Space Gallery St Barth Opens Its New Location in Soho
Space Gallery director Natalie Clifford brings the island’s sophistication and luxury to its new contemporary art space located in the heart of Soho.
FROM ST BARTH TO SOHO, Space Gallery owner Natalie Clifford is changing the game of the typical uptight and sterile atmosphere of your average gallery. After opening its new location in New York last November, the London-born gallerist creates a space for conversation, engagement, and accessibility to art, offering a very personal approach to her clients and growing their collections. In 2011, Clifford founded Space Gallery’s flagship location on the French-speaking Caribbean island of St Barth, with the aim of making a cultural contribution to the island and acting as a window onto the global art scene for residents and visitors, regularly exhibiting in Miami and Monaco. As a female business owner, Clifford has built a strong exhibition program of leading artists, curating shows year round as well as participating in various art fairs internationally including the Venice Biennale, pop-up galleries and museum exhibitions including at the BOCA Museum of Art.
With its white Greco-Roman columns flanking the street entrance, Space Gallery’s newly opened location conveys an easy grace on the cobblestone streets of the Soho neighborhood. Its interior includes high ceilings, an upper level lounge with a glass balcony overlooking the space below, and a King Charles pup named George taking afternoon naps on the sofa.
In the gallery’s archives are a wide range of contemporary works from the primary market —paintings and photography from the likes of established and emerging international artists — like the cheeky beach nudes of Jean-Philippe Piter, the sequined neo-pop surrealist art of Philip Colbert, and the large scale wildlife images of Arno Elias.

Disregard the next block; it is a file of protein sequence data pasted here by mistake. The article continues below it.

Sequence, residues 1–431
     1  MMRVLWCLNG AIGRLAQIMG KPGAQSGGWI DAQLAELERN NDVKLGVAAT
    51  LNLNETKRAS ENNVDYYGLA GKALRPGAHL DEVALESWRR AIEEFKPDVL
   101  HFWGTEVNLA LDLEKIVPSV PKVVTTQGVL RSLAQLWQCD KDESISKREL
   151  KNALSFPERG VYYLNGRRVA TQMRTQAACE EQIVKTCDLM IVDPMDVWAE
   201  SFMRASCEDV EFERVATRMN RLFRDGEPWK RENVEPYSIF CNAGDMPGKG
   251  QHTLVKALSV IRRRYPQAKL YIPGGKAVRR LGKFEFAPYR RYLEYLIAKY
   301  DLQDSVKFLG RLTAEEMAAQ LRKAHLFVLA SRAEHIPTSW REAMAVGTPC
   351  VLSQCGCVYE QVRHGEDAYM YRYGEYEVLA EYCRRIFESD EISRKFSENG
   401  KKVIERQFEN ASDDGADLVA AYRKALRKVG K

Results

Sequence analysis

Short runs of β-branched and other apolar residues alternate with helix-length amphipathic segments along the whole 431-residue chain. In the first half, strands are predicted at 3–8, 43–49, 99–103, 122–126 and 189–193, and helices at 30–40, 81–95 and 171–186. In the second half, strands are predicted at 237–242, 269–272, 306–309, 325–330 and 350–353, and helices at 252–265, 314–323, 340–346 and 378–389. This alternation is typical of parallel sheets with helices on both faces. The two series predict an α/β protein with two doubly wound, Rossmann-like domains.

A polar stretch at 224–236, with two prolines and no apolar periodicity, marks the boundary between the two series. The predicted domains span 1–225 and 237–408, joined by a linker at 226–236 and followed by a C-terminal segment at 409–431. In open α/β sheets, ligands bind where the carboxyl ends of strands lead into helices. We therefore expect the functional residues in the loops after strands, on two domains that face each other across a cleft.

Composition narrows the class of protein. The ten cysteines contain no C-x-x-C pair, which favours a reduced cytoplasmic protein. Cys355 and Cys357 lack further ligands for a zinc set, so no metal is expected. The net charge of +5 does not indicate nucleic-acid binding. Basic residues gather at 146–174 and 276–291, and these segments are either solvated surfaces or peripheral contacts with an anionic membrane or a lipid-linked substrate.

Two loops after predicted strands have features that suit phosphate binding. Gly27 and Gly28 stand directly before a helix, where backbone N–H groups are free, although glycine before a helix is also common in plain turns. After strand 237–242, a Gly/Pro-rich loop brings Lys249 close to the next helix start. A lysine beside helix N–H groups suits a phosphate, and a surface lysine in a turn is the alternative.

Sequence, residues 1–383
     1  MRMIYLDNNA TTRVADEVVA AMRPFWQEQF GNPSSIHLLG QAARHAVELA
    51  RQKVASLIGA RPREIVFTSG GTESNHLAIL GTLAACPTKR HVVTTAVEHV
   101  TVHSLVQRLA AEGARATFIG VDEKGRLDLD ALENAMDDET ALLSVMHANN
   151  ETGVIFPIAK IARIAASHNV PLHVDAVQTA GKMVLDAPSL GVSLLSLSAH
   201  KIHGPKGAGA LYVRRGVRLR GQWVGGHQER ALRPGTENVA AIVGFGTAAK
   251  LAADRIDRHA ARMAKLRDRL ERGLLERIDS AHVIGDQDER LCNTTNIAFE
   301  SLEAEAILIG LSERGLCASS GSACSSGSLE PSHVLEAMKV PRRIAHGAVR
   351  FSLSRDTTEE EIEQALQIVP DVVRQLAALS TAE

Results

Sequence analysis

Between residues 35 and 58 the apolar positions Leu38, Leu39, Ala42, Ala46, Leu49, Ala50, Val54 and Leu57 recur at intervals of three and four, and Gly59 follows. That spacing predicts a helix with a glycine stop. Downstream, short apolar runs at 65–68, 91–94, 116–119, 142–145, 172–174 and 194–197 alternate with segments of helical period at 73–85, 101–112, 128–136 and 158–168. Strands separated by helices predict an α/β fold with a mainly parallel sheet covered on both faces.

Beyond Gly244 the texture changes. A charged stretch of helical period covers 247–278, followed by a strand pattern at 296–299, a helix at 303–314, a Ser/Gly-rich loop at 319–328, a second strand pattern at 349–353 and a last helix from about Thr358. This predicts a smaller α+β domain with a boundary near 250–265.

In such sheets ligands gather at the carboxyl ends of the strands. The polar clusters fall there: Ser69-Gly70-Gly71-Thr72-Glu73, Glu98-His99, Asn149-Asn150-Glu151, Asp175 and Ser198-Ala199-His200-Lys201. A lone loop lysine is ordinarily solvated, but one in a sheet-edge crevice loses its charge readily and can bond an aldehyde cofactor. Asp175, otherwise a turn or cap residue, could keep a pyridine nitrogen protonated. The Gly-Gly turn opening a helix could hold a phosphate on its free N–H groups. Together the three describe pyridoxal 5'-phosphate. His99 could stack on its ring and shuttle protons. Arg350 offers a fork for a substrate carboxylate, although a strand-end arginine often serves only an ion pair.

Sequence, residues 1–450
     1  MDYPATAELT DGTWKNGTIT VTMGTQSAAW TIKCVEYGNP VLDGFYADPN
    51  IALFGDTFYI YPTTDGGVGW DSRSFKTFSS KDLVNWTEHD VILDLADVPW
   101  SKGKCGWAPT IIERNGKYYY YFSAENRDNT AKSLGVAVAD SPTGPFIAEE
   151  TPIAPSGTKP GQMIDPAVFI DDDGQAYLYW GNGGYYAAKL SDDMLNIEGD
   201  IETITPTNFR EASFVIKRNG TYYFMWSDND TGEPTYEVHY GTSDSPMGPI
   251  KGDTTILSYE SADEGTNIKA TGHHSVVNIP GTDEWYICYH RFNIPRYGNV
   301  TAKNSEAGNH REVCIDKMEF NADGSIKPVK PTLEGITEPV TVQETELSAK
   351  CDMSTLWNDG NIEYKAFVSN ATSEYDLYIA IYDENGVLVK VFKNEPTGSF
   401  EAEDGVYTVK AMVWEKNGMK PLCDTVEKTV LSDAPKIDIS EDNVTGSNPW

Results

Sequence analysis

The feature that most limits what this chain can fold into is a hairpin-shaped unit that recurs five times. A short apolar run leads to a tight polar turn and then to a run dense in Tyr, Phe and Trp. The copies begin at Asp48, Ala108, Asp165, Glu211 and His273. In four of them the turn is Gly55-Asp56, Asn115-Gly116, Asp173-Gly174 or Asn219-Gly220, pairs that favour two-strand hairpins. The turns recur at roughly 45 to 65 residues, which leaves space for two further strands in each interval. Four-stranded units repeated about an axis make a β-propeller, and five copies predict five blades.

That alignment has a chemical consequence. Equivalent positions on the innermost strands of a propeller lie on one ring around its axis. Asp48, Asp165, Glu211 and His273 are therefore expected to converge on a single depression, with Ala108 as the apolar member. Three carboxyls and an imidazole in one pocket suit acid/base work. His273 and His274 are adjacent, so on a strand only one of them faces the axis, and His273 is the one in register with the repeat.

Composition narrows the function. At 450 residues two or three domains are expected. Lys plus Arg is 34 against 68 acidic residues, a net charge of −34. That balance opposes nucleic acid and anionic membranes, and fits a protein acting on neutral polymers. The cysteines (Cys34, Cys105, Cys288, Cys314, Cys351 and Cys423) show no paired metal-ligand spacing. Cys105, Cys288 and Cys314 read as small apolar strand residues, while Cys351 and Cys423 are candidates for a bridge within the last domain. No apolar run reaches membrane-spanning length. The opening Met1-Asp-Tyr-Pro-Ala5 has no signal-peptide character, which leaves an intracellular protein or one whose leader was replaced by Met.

We visit Space Gallery to sit down with the woman behind the operation and discuss what’s it’s like to run a gallery between tropical paradise and a hustling, bustling city.
How did you start your gallery in St Barth?
St Barths is a small place but it’s a very international place, so it’s almost a very natural place to have a gallery. You have people from all over the world — a very interesting selection of people coming to visit — people who are cultured, who appreciate art, who collect art. So I really wanted to make the point of creating a gallery that wasn’t a destination gallery that showed touristy art or local art in the sense that it’s not good quality, I really wanted to use the gallery to be a window onto the global art world and show things that our clientele might have seen in London, Paris, or New York, and also for the residents of the island to bring in a cultural dimension to the island that they didn’t have previously. We started that way in 2011 and have really grown from there.
What is it like to work in St Barth?
Of course you have this leisure/vacation world going on around you: beautiful beaches, beautiful restaurants, beautiful weather, but it’s a wonderful island with a great infrastructure with hardworking, honest people. It’s been a great experience working there. The smallness of the island, the community and security of living in this safe place is very special. The French system is very ordered and at times bureaucratic so that was something to adjust to, but I realize it was good preparation for the particular rules and regulations of New York City, that’s for sure!
What made you move to New York City?
We’ve played with the idea of Miami, we’ve played with the idea of Monaco — we’ve done a lot of projects in Monaco — but New York, really, I think is unrivaled in its position as a leading art city, so it was the ultimate choice for us, really. Terrifying but exciting. Of course, in a city like New York it takes a ton of work and you have a ton of competition, but I think that breeds good people, good work ethic, and momentum for business here. So New York has been a change — but it’s an interesting change because we’re opened up to so many opportunities and possibilities of how we can grow the gallery and the program, things we can do that maybe we haven’t been able to do by geographical limitation in St Barth. So I’m really excited to see how we can grow from here.
What is a typical day as a gallery director?
No day is really the same. But it will involve talking with my artists, checking in with them if we’re working on a show, preparing literature for the show, outreach, press. Talking with our clients, of course we’re in an active open sales space too so there are people coming in and out. And of course we always have administrative tasks to do, which is not so exciting, but just keeping an overview of the whole situation — here and there as well is important.
What types of artwork inspire you?